Vice President Mike Pence said Monday evening that there has been no ban on domestic travel despite the growing number of 2019 novel coronavirus deaths in the United States. But one government agency is effectively directing its employees not to travel, domestically or internationally, at least for the next several weeks.
The U.S. Defense Intelligence Agency (DIA) has banned much of the temporary duty assignment (TDY) travel as coronavirus cases continue to surge across the globe, according to two individuals familiar with the office’s protocols. Temporary duty assignment travel includes employees of the agency who need to travel from their permanent posts for things like meetings, conferences, training, or to backfill positions.
The agency is also asking employees returning from outbreak countries to remain at home under a self-quarantine system. According to the sources who spoke with The Daily Beast, the agency has posted flyers across its headquarters building, reminding people of the directives.
“DIA employees who have traveled from CDC-defined Level 2-3 countries within the past 14 days are required to remain at home on self-isolation for 14 days before being medically cleared to return to DIA facilities,” said a spokesperson for DIA, who provided a comment to The Daily Beast after publication.
The DIA is the first known government agency to ban travel domestically in the face of the global outbreak, raising questions about whether other federal offices will issue the same guidance.
“DIA is a global organization and has a responsibility to protect the health and safety of its globally-deployed workforce,” the spokesperson said. “During this coronavirus outbreak, DIA is following DoD Force Health Protection Guidance, which itself is closely coordinated with the CDC and other interagency partners. As a prudent step, the agency has issued guidance regarding official travel that requires certain levels of approval depending on mission criticality and the travel destination.”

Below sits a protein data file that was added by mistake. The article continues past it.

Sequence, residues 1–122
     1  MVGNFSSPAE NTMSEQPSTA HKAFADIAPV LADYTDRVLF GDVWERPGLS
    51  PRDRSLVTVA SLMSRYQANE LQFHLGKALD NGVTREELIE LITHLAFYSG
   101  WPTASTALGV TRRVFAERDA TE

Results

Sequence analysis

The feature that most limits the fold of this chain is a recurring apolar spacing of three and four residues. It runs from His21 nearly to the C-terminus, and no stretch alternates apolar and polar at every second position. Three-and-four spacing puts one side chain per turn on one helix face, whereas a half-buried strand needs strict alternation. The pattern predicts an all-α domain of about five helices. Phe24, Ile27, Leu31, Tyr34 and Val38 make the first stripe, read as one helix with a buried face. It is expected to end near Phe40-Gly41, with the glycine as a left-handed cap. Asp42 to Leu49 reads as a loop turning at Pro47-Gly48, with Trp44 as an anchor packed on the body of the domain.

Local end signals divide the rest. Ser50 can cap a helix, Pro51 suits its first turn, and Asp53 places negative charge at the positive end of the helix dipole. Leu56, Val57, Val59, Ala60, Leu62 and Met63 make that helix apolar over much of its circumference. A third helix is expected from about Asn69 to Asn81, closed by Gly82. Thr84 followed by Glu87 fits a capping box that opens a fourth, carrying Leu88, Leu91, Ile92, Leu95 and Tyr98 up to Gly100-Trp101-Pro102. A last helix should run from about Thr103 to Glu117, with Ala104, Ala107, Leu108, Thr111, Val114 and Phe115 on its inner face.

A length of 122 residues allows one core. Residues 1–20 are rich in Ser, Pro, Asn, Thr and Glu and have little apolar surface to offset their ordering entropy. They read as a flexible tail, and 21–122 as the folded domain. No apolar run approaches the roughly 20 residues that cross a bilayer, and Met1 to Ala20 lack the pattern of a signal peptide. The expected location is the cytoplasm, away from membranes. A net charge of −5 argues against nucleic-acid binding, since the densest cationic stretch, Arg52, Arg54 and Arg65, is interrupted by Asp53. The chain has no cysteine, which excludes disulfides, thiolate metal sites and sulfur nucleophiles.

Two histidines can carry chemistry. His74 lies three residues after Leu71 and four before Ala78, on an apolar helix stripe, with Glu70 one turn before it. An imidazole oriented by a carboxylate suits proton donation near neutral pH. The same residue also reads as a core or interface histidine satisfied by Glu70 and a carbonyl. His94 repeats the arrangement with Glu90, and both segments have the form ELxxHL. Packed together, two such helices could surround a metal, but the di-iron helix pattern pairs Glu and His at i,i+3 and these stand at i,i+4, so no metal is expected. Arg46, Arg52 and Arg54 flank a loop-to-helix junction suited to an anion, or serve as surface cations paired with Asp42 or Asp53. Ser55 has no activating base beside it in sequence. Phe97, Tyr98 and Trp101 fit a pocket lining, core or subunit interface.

At a press conference at the White House Monday evening, where members of President Trump’s coronavirus task force addressed the rising death toll in the U.S., a reporter from The Washington Post asked the vice president whether he would feel comfortable traveling with his family to somewhere like Disney World during Spring Break.
“I travel across the country all the time. My kids live across the country,” Pence said. “This is a time to use common sense and wash your hands.”
Pence told reporters they should expect some sort of briefing each day in the future with updates from healthcare professionals on the most up to date coronavirus statistics.
The conference Monday came in the midst of ongoing criticism from Capitol Hill and state and local officials that the administration was not doing enough to inform the public about the virus. Last week, President Donald Trump appointed Pence to take the lead on communication. Since then, federal agencies involved in the task force have pushed off media questions, telling reporters that all requests should be filtered through the vice president’s office.
According to two senior U.S. officials, despite all federal agencies involved in the coronavirus response streamlining messaging through one government office, each is issuing its own internal guidance on the virus, including restricting travel and directing people to self-quarantine. Those individual directives vary from agency to agency, those officials said, depending on the circumstances.
Not everyone involved in the task force is in the loop on every office’s protocols. Last week, the Navy announced that it had ordered ships that visited countries in the Pacific region to self-quarantine and remain at sea for two weeks in order to screen sailors for the coronavirus. Senior members of the task force told The Daily Beast Monday they were not aware of the Navy’s announcement before the initial news reports.